Cannes a time to reconnect for Reno
CANNES -- After hitting the Croisette last year with "The Da Vinci Code," Jean Reno is back in Cannes finishing his latest French-language film, "Cash," currently filming on the Riviera.
Scriptwriter Eric Besnard makes his directorial debut in the action-packed detective crime comedy starring the French James Bond, "OSS 117" leading man Jean Dujardin, alongside Alice Taglioni and Italian actress Valeria Golino.
The film, produced by Patrice Ledoux for Pulsar Prods., marking the producer's first film since his recent split from Gaumont, will finish shooting on the Riviera next week and will film in Paris through the end of July. "I offered the project to Patrick Binet, and he said yes within 10 minutes," said Ledoux, who joined Dujardin and Reno for a beachside press conference.
The $20 million "Cash" is co-produced by TF1 Films Production, with TFM Distribution set to release the film in Gallic theaters April 23 and TF1 International handling international sales at the Cannes market. "It's glamour, charm and champagne," Ledoux said.
After last year's huge red carpet premiere for "Da Vinci," transatlantic star Reno has returned to the Croisette for a more mellow festival. It's the actor's 20th Festival de Cannes, but he's still enjoying the experience.
"For me, Cannes is a time to see friends who I haven't seen in a long time, that can be journalists, actors, producers, makeup artists -- it's more of a meeting for the profession because I'm not 20 years old anymore running around."
So is the aging Reno threatened by his co-star, a younger Jean, filling his action-star shoes? "Absolutely not. There comes a time when one wants to spend time with one's family, or wife, not just to make movies. It's normal, we can't just make movies. It's not possible to make more than two movies per year."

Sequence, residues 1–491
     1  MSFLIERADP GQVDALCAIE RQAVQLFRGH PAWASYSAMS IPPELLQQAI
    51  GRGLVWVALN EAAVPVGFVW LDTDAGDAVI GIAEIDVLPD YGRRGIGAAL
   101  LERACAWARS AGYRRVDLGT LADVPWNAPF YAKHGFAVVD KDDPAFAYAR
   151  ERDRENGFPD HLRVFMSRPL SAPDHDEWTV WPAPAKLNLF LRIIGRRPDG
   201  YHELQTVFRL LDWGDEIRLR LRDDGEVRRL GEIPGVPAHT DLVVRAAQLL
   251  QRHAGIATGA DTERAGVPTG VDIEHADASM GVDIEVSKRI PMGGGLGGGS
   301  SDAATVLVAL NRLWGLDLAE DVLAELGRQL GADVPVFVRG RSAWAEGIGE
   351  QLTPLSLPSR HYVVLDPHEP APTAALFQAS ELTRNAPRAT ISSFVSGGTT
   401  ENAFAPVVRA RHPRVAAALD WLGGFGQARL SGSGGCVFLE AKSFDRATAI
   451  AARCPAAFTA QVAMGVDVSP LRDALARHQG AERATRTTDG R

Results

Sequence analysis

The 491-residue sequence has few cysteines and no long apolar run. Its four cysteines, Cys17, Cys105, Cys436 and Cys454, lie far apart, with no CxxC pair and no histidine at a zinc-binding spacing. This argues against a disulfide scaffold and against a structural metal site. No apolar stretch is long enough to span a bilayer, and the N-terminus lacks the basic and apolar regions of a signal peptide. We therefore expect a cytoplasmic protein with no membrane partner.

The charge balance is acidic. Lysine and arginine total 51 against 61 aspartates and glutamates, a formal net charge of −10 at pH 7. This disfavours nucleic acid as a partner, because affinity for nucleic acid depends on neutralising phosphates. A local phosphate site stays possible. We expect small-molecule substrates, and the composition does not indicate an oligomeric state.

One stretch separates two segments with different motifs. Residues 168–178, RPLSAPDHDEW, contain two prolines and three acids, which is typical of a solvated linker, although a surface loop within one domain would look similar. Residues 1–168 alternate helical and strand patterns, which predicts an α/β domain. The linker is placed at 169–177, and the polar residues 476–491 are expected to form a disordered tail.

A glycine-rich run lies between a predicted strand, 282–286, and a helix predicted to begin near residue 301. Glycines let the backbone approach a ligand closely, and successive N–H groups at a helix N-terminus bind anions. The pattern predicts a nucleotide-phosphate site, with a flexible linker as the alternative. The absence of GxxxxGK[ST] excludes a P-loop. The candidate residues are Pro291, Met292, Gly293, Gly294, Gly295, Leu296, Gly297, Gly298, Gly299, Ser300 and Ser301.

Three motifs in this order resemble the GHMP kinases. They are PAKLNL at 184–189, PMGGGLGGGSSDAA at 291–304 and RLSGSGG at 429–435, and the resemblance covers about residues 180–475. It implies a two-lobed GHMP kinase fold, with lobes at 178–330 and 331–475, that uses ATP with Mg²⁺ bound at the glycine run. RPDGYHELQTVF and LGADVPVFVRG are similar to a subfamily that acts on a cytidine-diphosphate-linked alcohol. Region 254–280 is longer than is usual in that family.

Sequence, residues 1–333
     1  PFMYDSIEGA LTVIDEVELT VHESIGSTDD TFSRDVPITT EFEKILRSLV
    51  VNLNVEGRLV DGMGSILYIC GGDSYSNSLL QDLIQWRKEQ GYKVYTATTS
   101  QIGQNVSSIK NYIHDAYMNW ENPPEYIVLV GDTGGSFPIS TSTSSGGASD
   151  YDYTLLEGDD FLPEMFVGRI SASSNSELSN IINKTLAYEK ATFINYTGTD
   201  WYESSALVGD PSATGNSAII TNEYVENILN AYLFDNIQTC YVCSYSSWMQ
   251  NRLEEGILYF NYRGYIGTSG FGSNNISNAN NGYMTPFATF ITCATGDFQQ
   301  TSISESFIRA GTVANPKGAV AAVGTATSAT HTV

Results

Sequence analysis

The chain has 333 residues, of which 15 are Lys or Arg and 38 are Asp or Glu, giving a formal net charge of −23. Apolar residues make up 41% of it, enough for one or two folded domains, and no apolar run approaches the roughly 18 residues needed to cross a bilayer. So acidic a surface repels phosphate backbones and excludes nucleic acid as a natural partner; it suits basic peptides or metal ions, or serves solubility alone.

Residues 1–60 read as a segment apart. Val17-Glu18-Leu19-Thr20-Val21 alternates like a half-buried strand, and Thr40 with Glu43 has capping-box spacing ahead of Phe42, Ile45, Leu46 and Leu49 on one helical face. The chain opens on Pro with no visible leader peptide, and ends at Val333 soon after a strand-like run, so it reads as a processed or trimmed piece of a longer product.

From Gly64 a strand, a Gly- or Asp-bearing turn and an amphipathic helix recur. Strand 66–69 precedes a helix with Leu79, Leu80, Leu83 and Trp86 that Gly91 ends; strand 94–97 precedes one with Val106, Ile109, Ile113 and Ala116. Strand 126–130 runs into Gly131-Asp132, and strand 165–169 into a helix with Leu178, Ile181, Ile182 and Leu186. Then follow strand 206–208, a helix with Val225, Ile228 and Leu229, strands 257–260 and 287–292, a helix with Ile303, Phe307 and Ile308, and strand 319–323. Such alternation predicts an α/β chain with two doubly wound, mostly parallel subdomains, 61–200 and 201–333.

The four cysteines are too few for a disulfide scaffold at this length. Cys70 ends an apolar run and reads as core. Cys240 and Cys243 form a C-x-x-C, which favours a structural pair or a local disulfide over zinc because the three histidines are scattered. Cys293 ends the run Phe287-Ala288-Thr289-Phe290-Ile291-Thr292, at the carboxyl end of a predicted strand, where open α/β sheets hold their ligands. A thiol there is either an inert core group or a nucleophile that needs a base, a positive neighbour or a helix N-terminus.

Reno, who recently wrapped filming on Kenneth Lonergan's "Margaret" with Anna Paquin, Matt Damon and Mark Ruffalo, understands that the fest isn't all about glitz and glamour. "Cannes is a market where there are a lot of films being sold every day -- that's the principal reason for Cannes, not the red carpet. I'm happy that there are difficult films that come here -- if they can't come here, where else can they go?" he said.
But it's not all about the job for the star. "Being friends with the people with whom I work is why I do what I do. It's more people I appreciate for their human quality than their artistic qualities, even though, of course, that's very important. You can make a movie with 15 different stars, but what's important is the relationship you develop with a person," he said.
So what does Reno do with his foreign friends who come to town for the festival? "Cannes is a nice opportunity to introduce them to the city and show them the good restaurants," he said.
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